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Improved Detection of Foodborne Viruses

Institutions
Leatherhead Food Research
Start date
2002
End date
2004
Objective
To improve the detection of food-borne viruses, specifically Norwalk-Like-Viruses (NVLs), using novel concentration and detection methods linked to infectivity.

Infection with enteric viruses is a major cause of gastro-enteritis. Although links to consumption of contaminated shellfish, and infection resulting from contamination by food handlers are well established, links to sources of contamination in other parts of the food chain are less well established. Trends towards the sale of prepared foods (particularly, those consumed without further cooking), imported organic produce, and eating out in catering establishments, all potentially increase the risk of food contamination. The major cause of viral gastroenteritis in adults in the UK is the noroviruses (until recently known as Norwalk-Like-Viruses or NLVs)

Techniques for the detection of noroviruses in foods are poorly developed partly because these viruses do not grow in tissue culture systems so currently available methods fail to distinguish between non-infectious and infectious virus. This project plans to address this problem by developing novel concentration and detection methods for noroviruses linked to infectivity. Specific objectives are:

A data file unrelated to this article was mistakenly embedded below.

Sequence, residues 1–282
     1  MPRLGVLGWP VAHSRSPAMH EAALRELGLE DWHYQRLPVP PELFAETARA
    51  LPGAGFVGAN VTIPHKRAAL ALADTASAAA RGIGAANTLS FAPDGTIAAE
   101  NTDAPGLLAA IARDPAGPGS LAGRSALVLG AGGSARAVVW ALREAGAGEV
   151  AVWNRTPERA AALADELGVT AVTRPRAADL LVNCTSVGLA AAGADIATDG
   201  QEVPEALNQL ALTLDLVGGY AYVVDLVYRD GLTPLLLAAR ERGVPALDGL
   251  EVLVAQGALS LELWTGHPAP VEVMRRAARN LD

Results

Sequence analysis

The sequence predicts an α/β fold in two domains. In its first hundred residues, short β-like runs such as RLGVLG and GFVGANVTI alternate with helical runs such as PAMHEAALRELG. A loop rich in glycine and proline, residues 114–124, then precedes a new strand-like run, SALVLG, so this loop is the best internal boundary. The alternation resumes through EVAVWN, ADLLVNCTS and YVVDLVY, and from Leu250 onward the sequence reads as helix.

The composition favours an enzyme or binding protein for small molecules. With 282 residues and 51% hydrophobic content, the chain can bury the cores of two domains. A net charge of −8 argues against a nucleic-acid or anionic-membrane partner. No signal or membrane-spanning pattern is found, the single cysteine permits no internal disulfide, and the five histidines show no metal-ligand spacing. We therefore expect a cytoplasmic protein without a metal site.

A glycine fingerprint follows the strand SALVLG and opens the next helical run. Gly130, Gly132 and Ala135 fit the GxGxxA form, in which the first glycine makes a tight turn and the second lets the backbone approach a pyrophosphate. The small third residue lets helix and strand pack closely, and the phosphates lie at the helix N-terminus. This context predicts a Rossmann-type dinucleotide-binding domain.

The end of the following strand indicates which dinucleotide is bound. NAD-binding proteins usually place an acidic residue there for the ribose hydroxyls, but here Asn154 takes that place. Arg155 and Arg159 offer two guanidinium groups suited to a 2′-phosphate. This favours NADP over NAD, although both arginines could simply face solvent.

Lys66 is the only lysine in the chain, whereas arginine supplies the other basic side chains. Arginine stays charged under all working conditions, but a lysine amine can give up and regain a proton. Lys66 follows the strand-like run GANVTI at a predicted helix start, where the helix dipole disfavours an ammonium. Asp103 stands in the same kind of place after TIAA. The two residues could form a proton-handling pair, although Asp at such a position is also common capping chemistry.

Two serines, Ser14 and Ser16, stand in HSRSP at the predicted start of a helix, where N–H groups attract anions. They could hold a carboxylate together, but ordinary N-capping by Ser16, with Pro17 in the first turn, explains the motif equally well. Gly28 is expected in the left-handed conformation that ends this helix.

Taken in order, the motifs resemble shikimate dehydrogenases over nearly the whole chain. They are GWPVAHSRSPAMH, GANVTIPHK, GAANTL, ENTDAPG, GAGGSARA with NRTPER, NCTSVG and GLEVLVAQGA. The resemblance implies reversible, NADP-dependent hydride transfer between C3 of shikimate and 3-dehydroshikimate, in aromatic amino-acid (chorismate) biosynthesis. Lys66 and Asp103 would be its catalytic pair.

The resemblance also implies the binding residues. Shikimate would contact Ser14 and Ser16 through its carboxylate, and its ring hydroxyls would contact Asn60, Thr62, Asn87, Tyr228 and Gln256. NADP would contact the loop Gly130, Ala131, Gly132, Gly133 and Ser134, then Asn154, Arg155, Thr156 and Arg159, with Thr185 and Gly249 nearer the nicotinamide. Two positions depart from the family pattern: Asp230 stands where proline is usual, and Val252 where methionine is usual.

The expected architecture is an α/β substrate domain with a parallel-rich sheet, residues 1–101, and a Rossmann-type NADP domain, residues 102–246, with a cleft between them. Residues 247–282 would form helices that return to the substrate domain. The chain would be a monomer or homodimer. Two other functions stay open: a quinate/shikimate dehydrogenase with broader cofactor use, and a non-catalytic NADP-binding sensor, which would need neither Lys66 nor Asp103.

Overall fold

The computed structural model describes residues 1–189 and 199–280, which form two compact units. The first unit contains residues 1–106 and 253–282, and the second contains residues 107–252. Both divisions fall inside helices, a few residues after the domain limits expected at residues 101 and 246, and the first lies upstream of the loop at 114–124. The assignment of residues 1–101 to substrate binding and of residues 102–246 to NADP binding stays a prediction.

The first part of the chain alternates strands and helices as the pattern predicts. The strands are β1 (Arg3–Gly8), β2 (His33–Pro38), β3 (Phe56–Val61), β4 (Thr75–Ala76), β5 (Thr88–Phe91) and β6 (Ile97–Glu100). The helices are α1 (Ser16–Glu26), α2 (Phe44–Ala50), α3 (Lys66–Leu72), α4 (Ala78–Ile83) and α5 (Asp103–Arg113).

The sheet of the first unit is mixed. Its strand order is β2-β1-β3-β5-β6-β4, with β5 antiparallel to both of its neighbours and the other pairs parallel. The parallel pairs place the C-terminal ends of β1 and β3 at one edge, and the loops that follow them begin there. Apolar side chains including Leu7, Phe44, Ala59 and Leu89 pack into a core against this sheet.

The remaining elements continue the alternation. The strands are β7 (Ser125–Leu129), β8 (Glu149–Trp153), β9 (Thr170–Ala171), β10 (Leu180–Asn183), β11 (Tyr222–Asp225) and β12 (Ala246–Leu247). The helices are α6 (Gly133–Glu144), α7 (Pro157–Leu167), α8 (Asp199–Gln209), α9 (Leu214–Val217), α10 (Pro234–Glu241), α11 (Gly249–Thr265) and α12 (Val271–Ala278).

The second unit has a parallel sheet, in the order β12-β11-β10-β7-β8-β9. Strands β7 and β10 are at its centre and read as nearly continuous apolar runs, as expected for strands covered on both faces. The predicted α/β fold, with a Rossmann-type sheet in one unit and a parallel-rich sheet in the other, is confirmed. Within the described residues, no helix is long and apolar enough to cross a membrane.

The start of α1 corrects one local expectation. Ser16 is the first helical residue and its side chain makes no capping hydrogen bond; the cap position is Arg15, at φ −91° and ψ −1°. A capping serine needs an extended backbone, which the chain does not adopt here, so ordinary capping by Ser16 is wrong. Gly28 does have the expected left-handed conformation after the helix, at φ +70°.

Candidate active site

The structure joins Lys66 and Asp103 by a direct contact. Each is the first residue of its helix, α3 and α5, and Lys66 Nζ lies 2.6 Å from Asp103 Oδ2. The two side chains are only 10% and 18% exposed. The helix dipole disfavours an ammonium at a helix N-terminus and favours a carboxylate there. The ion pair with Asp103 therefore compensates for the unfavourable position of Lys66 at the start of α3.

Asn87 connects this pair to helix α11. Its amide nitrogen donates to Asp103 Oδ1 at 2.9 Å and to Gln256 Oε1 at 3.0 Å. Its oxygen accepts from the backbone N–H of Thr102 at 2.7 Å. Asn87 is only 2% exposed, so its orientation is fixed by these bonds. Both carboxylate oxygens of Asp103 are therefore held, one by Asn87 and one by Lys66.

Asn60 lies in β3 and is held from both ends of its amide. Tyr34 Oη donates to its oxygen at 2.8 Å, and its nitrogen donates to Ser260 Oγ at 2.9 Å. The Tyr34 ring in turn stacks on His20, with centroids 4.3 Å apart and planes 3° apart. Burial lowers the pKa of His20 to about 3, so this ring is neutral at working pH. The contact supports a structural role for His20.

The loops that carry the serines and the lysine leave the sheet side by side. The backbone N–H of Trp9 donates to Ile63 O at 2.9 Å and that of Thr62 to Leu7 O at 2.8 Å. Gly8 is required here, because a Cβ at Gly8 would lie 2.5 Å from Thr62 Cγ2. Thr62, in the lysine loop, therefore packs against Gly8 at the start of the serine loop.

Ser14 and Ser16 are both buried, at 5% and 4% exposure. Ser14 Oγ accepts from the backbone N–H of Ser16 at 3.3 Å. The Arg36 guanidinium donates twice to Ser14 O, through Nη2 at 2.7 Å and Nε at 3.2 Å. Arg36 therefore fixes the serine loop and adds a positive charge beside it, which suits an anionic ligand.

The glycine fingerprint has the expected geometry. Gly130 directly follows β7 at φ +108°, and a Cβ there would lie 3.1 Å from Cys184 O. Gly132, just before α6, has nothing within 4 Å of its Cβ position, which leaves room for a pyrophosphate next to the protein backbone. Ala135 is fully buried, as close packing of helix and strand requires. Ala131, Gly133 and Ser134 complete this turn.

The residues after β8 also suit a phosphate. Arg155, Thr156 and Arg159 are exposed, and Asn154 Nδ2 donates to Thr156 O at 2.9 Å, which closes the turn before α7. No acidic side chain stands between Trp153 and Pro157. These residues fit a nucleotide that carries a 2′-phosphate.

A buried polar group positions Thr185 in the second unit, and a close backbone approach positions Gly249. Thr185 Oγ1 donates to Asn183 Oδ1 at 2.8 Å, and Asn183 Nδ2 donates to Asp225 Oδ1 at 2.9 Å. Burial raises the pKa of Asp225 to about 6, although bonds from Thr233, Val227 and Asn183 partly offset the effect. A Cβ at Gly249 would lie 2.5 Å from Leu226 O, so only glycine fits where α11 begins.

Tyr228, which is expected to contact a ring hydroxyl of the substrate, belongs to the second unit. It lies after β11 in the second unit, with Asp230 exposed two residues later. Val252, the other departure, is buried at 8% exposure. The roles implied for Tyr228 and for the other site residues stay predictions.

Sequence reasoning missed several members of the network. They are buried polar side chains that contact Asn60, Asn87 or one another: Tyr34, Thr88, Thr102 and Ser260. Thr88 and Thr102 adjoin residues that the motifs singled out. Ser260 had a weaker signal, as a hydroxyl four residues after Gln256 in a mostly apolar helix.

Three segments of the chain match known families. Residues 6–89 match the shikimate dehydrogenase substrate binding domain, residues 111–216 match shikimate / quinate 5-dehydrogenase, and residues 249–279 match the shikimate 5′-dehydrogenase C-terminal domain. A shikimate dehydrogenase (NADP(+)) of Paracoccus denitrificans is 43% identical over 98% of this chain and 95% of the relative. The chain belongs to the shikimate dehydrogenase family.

• Development of simple, quantitative, and convenient assays for infective noroviruses
  • Development of simple prototype virus extraction/concentration procedures for food matrices compatible with new assays.
  • Application of the developed methods to food and environmental samples in order to identify verifiable critical control points.
  • Application of the developed methods to the inactivation of NLVs in model food production processes focusing on raw material QC and effectiveness of processing on norovirus inactivation.
  • Exploitation of the developed methods for the benefit of the food industry and consumer.
Funding Source
Dept. for Environment, Food and Rural Affairs
Project number
FQS38
Categories
Bacterial Pathogens